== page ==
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Sunday Poem – Martin Domleo


Good morning everyone!  I am back in Barrow again after more swanning about London.  I got back from Aldeburgh for a couple of days (Monday to Wednesday) and then I was off to London again on Thursday to read at Lauderdale House with wonderful poet Maitreyabandhu and Tom Lowenstein.  We had a small, select audience – made me realise the unpredictability of poetry readings – two days before I’d been at Aldeburgh in the Festival Hall reading to at least a hundred people I would say – now I was in a beautiful art gallery reading to an attentive audience of nine!  I actually think that those readings with a small audience are much, much harder.  They are more intimate which I find nerve racking.  There is less ‘performance’ to hide behind.  But that aside, it was a good evening.

On Friday I went on a boat down the Thames with poet friend Jill Abram – we went to Greenwich and visited the Painted Hall and the Chapel in the Naval College and we went to the museum there – my favourite things were these figureheads displayed on the wall from various ships – there is something so proud about them


yet they are also garish and a bit sad I think, not belonging to any ships any more.

We got back to Brixton via the DLR line – I didn’t even know this existed – but was my fave transport of the trip – a train with a glass front so you can see along the tracks as you go along – a spooky experience.  I also went on a bus and the normal tube while in London.  Everyone seems to spend most of their time traveling.

On Friday I ran a workshop with the Malika’s Kitchen Collective on how contemporary poets explore the concept of the Journey in poetry – I only had two hours so there was lots we couldn’t cover – I could have spent two hours for example talking about Cavafy’s Ithaca poem and Diving into the Wreck by Adrienne Rich, which are two fantastic examples of journey poems which offer alternative viewpoints on the journey I think – the Cavafy poem argues that it is the journey that is important – whilst in Rich’s poetry it is all about the acquirement of knowledge (the end of the journey) and then the application of that knowledge..we didn’t talk about how migration is explored in poetry – how the very act of writing about a journey carries an implicit gesture towards the concept of ‘home’, even without mentioning it…but we did have a go at other journey related poems –  and I was lucky to work with such a talented and enthusiastic group of poets – they wrote some cracking poems and I have some new names to look out for in magazines and publications…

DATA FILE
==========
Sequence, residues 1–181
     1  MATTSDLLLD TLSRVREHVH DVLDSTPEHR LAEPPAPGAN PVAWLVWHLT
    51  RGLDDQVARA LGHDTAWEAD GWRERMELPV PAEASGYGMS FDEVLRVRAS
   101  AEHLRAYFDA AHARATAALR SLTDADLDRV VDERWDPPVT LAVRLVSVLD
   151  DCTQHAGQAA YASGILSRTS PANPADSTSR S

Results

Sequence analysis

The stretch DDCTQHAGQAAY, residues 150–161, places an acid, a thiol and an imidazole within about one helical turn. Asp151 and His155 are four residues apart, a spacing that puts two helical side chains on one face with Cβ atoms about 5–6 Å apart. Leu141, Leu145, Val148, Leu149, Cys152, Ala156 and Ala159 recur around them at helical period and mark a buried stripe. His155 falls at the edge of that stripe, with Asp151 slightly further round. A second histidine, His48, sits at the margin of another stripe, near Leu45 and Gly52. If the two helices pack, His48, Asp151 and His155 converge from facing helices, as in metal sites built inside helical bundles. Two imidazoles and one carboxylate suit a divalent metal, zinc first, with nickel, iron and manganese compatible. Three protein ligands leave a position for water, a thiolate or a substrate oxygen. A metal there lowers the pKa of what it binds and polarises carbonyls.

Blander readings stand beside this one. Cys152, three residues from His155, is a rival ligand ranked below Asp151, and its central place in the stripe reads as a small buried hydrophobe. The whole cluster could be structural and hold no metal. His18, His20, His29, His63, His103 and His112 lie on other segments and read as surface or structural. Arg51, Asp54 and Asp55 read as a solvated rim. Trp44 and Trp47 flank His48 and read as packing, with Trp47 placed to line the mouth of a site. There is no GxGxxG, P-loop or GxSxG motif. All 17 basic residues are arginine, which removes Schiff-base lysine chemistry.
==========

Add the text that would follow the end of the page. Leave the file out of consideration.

I bought a banana somewhere between Borough and Greenwich – I always worry about being hungry so I store food in my bag – unfortunately I forgot about the banana and when I was packing on Saturday morning I just stuffed my bag with all the books I’d bought with me.  On the train later that day, when I was gleefully unpacking the books and deciding what to read, I realised that the banana had squashed all over my lovely new books, which are now not so new and lovely.

I spent about an hour wiping them down, constructing little tissue bandages for them to soak up some banana, which in retrospect might have been a little excessive.  I haven’t looked at them this morning to see if they are ok.

It was also Poem and A Pint in Ulverston last night and I met the lovely Judy Brown, Poet in Residence at the Wordsworth Trust before hand and managed to escort her, my suitcase and a bag of chips up to Ford Park in time for the reading.  Judy read beautifully and it was wonderful to hear some of her new poems as well as some old  favourites.

Two poets from Preston, Terry Quinn and Martin Domleo read on the open mic – they are becoming regular features at Poem and a Pint and it is always lovely to see them.  Terry has his first collection out with Indigo Dreams Press – and I’m planning on hassling him for a Sunday Poem at some point – but today’s Sunday Poem is by Martin Domleo and comes from his book ‘Decelerations’ published by Lapwing Publications.

I chose this poem from the book because I’m glad to be back in Cumbria – and this is a Cumbrian poem through and through – it has lots of rain in it for one thing!  I like the quietness of this poem – which is just what I need after the hustle and bustle of being in London for a couple of days.   This poem comes from his first book of poems, and you can find out more about Martin by going to his website http://www.martindomleo.co.uk

Martin is also trying to get some poetry events happening in Preston – and has plans for an event in March and one in October – more on that closer to the time!

I hope you enjoy the poem, and thanks to Martin for letting me use it.

In Borrowdale – Martin Domleo

Water sprinkled with light
through leaves
gathers in quiet pools.

By itself
a mallard dips for food,
paddles, then dips again,
staining the shallows red.

The crown
of its head is missing –
beaked out
by one of the crowd
splashing noisily upstream.

There is no going back.
It moves
like a mechanical lifeboat
on a flat calm sea

holding to task
while the sharks circle.

Aldeburgh Poetry Festival